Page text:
Christopher Barker, and another of his name, and, not without probable suspicion, by the consent and connivance of Mr. John Bill (though he was artificially defeated in his expectations of pro. fit) have they not obtained (and now keep in their actual posses. sion) the manuscript copy of the last translation of the Holy Bible in English, attested with the hands of the venerable and learned translators in king James's time, ever since the sixth of March, 1655; and thereupon, by colour of an unlawful and forced entrance in the Stationers Registry, printed and published ever since, for the niost part, in several editions of bibles (consisting of great numbers) such egregious blasphemies and damnable erratas, as have corrupted the pure fountain, and rendered God's holy word contemptible to multitudes of the people at home, and a ludibrium to all the adversaries of our religion? Have they not suffocated and suppressed all books containing pious and religious prayers and devotions, to be presented and offered to the Blessed Trinity, for the blessing of heaven upon his majesty's royal person and family, and the church and state, by preventing and obstructing the printing of the Common-Prayer, Primmers, and Psalters, contrary to the statute of 1 queen Elisabeth, c. 2. and other good laws and ordinances, and the ecclesiastical canons of the church of England; unless that they contained prayers for their late protector! And are these small offences to be past and pardoned, or such as shall deserve the favour of indemnity and oblivion ? God forbid !

Impunitus peccati præbet ansam peccandi. The not punishing of offences emboldeneth offenders to commit greater enormities with brazen brows, as if they were incorrigible: And, as the proverb saith, “ He, that saves a thief from the gallows, shall be first robbed himself.” Is not the king as the breath of our nostrils, the anointed of the Lord, his person sacred, his authority dreadful? And is not all our present and future security and happiness involved in his majesty's preservation and prosperity? And shall his majesty's most apparent and implacable enemies be chiefly entrusted in the great concernments of his state and government, as Newcomb, Hills, and Field are under his titular printers ? God for. bid. Are there not honest and well affected printers in London, sufficient and able and willing to serve his majesty, but his grandest adversaries must be picked out for his service! And are there not Jodgings enough about the city to be had for convenience, but Mr. Christopher Barker and his family must now be entertained at the house of that libidinous and professed adulterer Henry Hills in Aldersgate-street? One that for his heresy in religion (being an anabaptist) and his luxury in conversation (having laypocritically confessed his fact in print, and been imprisoned for his adultery with a taylor's wife in Blackfriars) would scandalise a good chris. tian, and an honest man, to be in his company. But, it seems, the old confederacy compacted between Barker, Ilills, and Field, by the agitation of Nedham, upon their conversion of the copy of the Bible, cannot yet forgotten ; albeit it tend never so much to the dishonour, disparagement, and prejudice of his majesty's affairs? And therefore it is more than time, as is humbly conceived, that as well the establishment of his majesty's office of printer, as also the regulation of the number of printers in England within good rales and limits, were speedily provided for and determined ; and not any longer be carelesly and improvidently left and subjected to such extreme mischiefs, and fatal inconveniences. And moreover, it is very fit to be taken into consideration, how much mischief and sedition a press at New England may occasion and disperse, in this juncture of time, if the licentiousness thereof be connived at, and any longer tolerated; whenas we daily see such ventilations of opinions, inclining to factions and seditions, are the common merchandise of the press about the city of London; which, to a sober christian and loyal subject, are plainly destructive both of church and state ; which God for his glory unite, preserve, and propagate in the old good order and government.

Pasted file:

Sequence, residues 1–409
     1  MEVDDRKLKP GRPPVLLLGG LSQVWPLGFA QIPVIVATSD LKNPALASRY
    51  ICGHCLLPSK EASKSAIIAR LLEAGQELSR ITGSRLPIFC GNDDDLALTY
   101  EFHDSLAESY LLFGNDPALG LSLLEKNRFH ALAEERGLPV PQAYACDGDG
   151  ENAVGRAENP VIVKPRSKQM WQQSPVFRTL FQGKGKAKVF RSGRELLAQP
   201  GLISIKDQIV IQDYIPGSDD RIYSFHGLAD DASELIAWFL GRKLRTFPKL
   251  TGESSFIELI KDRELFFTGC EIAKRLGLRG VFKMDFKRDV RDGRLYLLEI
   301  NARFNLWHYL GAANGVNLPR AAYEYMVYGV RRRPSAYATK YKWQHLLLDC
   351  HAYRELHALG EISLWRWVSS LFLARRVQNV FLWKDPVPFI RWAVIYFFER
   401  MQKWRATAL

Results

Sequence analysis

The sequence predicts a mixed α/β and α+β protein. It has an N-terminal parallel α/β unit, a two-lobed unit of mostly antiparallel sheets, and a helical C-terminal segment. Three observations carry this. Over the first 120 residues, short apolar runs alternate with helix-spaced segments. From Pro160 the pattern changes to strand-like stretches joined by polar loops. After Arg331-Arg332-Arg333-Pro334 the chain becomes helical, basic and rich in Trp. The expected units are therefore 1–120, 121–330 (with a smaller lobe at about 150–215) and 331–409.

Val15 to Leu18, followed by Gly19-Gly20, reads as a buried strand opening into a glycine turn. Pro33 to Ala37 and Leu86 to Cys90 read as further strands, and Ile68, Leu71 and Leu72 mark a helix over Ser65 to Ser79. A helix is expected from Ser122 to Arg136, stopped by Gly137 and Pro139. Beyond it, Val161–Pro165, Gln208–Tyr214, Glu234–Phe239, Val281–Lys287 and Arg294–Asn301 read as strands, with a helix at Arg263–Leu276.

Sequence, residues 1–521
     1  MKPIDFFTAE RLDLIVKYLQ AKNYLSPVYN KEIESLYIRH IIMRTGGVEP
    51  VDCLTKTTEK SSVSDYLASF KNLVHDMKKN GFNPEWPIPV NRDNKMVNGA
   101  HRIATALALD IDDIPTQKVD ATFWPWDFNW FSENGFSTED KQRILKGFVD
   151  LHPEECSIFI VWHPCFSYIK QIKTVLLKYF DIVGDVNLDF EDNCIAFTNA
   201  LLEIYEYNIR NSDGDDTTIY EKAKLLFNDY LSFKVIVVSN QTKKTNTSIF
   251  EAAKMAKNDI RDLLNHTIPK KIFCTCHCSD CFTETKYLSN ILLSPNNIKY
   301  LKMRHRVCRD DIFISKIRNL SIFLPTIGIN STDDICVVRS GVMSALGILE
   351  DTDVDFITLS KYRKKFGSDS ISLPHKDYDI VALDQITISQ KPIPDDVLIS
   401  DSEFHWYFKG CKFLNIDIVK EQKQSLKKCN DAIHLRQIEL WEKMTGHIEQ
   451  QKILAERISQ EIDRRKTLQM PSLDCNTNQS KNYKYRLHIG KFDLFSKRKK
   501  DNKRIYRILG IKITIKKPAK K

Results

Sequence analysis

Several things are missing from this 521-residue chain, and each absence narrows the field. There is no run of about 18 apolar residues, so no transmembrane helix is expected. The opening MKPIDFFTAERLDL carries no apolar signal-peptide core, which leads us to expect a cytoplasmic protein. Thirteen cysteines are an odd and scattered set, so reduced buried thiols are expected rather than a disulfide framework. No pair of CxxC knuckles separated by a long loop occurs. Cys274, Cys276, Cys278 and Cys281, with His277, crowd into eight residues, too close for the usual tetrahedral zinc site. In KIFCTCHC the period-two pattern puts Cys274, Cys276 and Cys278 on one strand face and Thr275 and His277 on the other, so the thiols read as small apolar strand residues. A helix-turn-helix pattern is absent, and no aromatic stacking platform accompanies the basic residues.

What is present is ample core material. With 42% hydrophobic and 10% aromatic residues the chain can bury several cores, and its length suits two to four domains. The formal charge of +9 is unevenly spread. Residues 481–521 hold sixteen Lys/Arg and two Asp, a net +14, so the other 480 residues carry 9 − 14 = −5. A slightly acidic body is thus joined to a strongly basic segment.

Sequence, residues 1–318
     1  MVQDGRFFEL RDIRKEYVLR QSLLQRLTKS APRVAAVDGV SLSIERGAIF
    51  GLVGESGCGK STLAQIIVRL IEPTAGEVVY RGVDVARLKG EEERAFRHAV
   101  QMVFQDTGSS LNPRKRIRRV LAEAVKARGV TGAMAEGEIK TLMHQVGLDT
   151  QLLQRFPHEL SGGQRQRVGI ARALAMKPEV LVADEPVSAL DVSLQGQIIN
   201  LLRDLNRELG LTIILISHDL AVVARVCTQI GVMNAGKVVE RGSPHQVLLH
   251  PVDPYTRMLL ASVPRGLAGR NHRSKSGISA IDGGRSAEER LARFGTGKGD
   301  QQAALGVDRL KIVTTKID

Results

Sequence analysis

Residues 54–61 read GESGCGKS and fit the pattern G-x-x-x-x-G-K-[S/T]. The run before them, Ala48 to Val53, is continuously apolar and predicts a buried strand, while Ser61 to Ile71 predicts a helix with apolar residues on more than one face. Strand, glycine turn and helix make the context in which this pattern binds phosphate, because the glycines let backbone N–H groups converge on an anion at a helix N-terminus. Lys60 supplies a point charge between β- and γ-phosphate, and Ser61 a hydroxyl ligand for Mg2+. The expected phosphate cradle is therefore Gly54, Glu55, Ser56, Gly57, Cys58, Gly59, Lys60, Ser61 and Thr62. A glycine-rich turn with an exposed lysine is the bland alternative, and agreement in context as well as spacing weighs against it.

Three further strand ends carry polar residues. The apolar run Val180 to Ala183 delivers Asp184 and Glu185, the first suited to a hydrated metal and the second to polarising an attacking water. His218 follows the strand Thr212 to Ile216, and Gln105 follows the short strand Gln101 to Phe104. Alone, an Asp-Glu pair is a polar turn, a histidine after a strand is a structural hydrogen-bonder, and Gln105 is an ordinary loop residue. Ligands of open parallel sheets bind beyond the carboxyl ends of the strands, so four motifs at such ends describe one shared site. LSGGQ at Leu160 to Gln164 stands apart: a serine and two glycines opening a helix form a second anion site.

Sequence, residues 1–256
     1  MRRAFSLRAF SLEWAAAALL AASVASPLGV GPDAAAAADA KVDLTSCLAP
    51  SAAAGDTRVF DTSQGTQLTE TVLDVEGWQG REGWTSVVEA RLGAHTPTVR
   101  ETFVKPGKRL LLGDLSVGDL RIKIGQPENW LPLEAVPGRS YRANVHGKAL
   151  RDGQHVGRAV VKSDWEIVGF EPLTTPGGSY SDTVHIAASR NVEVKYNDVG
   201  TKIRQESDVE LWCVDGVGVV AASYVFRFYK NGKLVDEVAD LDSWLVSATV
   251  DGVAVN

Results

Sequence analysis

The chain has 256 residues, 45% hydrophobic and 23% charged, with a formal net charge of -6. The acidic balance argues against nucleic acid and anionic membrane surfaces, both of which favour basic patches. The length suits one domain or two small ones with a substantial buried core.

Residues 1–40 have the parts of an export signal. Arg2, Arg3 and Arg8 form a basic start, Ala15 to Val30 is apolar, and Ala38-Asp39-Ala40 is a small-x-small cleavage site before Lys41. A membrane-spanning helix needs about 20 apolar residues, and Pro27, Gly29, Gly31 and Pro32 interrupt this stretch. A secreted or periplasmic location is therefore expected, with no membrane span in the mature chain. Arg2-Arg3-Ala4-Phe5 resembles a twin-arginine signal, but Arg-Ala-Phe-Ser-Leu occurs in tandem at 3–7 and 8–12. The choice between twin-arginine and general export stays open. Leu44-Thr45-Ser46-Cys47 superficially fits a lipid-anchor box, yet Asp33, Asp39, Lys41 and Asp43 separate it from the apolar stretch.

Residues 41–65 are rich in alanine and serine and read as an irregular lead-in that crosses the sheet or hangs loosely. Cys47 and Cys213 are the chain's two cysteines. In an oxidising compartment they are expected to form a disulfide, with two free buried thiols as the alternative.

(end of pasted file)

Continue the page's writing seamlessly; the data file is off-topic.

Having thus truly represented to publick view the cause of our lamentation, we will never despair of his majesty's seasonable and timely redress; being humbly confident, that, for want of loyal and dutiful information presented to his majesty, many fanaticks and disaffected persons to his person and government, by a little counterfeit conversion and hypocritical subjection, do continue and creep into his majesty's service, in many great places of trust and profit, who, being dyed in grain in the principles of popular li. berty, would willingly cast off his majesty's sacred authority, and abandon his person, as they did his royal father's, if God, for our sins, in judgment, should permit them the least opportunity, Quod mabum infandum avertat Deus!

But, briefly to conclude, we most humbly submit the necessity of our speedy reformation and redress, upon consideration of the many great miseries and calamities, that have happened not only in England, Scotland, and Ireland, but also in Germany, France, the Netherlands, Switzerland, and other countries and places, by the exorbitant and unlawful exercise of printing in modern times. Which, had the science and use thereof been known in the time of the grand profession of the Donatist and Arian heresies, would have immerged and drowned the whole world in a second deluge of blood and confusion, to its utter destruction, long time since. Yet however, if our mystery be confined within fit and convenient bounds, and not permitted transilire limites, it is and will be of singular use and convenience to his majesty and his dominions : Otherwise, though the art be so exquisite and excellent in itself, yet, by corruption and depravation, it will become the more per. nicious and perillous: As the strongest and richest wine, for want of good curing, will turn to the sharpest vinegar; and a little wound or contusion, neglected, will soon mortify and corrupt itself to an immedicable gangrene.

Ignis, ab exiguo nascens, extinguitur undâ ;
Sed postquàm crevit, volitantq; ad sydera flammæ,
Vix putei, fontes, fluvii succurrere possunt.

In English thus:
A little fire to quench is done with ease ;
But, wben it rages, and the flames increase,

Ponds, fountains, rivers scarce can it surcease. The application is easily inferred, in reference to the inconveni. ence of exorbitant and irregular printing in general. And, for his majesty's titular printers Mr. Barker and Mr. Bill, let them consider themselves (as all other wise men will and must do) under this trite and excellent aphorism, to wit, Impossibile est, vel verè admodùm dificile, u qui ipsa opera non tractant, peritè vuleant judicare.

Impossible, or very hard be’lwill,